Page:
She stressed that only through meaningful accountability for widespread and systematic abuses will Palestinians’ fundamental rights finally be realised, including in the digital sphere. Critically, she highlighted the urgent need to implement without any further delay the recommendations of the United Nations (UN) Commission of Inquiry on the Great Return March, with emphasis on the Commission’s recommendation for Israel to lift its unlawful closure of the Gaza Strip with immediate effect. In addition, she called for support for the release of the UN database on businesses active in or with Israeli settlements in the OPT as a tool to promote enhanced due diligence for corporations operating in the Palestinian context.
Addressing the local Palestinian context, Dr. Abdeen presented on digital rights and cybercrimes in the West Bank and the Gaza Strip. In his presentation, he examined the general human rights situation in the OPT, noting that the Palestinian context is unique and requires particular attention due to the nature and multiplicity of entities violating human rights, including digital rights, amongst them Israel, as Occupying Power, the Palestinian Authority in the West Bank, the Hamas authorities in the Gaza Strip, and corporations such as Facebook, which recently took down dozens of Palestinian journalists’, activists’, and human rights defenders’ accounts, in violation of their right to freedom of expression and international standards and best practices. Moreover, Dr. Abdeen highlighted the violations committed against journalists, human rights defenders, and activists through the Law by Decree on Cybercrimes in the West Bank and the Law on the Misuse of Technology in the Gaza Strip, also noting the absence to date of a law guaranteeing the right of access to information and the latest developments in this regard, while affirming Al-Haq and partners’ efforts in promoting the right to freedom of expression in its broadest sense.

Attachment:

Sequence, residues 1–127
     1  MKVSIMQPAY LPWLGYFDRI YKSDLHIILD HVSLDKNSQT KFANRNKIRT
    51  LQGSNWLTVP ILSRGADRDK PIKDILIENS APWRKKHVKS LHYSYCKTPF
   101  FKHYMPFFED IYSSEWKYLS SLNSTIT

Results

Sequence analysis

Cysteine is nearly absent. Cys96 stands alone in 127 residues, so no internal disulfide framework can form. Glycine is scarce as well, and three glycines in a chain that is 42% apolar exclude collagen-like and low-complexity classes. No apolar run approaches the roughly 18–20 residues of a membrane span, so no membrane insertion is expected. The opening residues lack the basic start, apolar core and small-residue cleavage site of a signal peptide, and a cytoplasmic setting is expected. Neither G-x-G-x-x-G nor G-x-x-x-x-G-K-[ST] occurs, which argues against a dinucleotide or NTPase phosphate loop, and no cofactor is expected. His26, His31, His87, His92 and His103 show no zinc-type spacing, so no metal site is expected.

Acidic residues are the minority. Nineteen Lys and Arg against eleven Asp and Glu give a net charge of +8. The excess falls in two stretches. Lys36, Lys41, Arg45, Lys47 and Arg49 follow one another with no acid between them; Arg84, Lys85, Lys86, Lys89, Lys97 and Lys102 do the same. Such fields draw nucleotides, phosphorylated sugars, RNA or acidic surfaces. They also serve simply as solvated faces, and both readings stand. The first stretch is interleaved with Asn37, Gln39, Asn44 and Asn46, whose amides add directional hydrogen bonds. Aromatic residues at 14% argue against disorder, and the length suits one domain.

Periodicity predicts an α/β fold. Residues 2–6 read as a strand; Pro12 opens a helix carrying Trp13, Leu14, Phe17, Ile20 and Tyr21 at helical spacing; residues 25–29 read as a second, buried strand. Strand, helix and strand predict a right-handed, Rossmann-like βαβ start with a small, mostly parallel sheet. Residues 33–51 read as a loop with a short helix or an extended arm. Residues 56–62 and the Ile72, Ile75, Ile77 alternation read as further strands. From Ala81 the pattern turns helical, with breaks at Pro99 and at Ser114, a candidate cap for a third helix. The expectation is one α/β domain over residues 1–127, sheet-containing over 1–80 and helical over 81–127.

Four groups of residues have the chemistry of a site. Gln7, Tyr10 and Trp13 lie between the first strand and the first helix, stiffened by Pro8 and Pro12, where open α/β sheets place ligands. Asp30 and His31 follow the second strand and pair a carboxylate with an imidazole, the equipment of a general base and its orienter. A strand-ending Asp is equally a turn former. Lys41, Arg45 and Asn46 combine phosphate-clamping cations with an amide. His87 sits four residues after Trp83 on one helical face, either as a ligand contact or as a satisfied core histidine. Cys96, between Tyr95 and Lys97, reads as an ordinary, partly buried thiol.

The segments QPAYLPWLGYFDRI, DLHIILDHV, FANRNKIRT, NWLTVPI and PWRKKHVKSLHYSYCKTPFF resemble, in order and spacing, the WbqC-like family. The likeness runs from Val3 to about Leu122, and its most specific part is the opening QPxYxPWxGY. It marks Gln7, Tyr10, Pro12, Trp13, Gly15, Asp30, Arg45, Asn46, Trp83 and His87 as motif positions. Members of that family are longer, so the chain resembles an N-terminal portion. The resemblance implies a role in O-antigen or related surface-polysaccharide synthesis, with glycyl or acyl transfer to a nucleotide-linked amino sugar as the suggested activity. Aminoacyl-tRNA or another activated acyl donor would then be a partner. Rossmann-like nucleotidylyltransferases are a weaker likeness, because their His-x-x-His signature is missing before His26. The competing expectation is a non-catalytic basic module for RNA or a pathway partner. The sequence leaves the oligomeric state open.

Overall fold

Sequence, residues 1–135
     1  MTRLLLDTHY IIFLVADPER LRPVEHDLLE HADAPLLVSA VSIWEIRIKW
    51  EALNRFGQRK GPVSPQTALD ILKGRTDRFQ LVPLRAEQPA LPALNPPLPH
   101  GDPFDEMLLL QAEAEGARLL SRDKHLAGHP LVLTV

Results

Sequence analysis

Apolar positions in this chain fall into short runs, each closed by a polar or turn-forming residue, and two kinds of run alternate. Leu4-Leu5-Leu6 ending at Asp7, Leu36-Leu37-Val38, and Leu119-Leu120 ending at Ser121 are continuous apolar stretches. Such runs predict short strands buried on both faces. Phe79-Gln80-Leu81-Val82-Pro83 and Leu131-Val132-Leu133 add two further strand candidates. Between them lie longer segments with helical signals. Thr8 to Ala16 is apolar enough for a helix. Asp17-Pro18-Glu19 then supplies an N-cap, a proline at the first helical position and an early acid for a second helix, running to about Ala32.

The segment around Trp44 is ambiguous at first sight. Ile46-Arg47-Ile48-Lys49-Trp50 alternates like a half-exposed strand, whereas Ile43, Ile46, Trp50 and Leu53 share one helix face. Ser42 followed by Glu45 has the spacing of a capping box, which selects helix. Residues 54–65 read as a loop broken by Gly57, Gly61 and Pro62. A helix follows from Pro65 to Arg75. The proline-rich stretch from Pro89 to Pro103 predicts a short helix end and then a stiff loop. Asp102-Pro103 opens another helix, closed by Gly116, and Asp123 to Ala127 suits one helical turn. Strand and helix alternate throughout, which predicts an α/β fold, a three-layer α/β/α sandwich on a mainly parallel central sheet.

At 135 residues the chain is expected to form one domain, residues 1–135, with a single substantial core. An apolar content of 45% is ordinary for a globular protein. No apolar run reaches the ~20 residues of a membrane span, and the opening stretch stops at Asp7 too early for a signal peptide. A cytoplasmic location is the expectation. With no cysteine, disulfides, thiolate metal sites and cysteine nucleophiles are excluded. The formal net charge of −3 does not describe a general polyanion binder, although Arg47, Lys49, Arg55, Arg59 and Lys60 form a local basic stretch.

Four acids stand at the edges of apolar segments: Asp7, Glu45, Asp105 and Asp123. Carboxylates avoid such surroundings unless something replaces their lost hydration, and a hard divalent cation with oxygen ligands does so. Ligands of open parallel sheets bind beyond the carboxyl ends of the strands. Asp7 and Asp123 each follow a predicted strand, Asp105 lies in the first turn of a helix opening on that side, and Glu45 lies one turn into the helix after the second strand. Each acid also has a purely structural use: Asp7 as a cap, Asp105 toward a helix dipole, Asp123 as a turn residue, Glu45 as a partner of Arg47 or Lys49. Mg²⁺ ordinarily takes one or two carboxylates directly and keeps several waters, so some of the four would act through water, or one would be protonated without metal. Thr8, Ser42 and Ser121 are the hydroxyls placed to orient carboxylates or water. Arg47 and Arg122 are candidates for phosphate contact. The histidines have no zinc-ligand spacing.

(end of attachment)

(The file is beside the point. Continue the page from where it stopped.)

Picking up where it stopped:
At the end of his presentation, Dr. Abdeen provided a number of key recommendations on the situation in Palestine to RightsCon participants, stressing the importance of disseminating these at the regional level, in light of widespread digital rights violations in the Arab region.
His recommendations included: creating an observatory to monitor violations of media freedoms and of the rights to freedom of opinion and expression locally and regionally, thereby contributing to the establishment of a professional database for digital rights violations in accordance with international standards; appointing a professional legal team to work locally and regionally to defend journalists, human rights defenders, and activists who are subject to attacks as a result of their professional work and to resort to strategic litigation to defend the rights to freedom of opinion and expression and media freedoms; appointing an advocacy team specialized in the management of campaigns at the local and regional levels aimed at countering these violations and at supporting the legal team, especially in the field of strategic litigation; and institutionalizing the performance of both legal (strategic litigation) and advocacy (campaigning) teams through regular brainstorming sessions organised at the local and regional levels.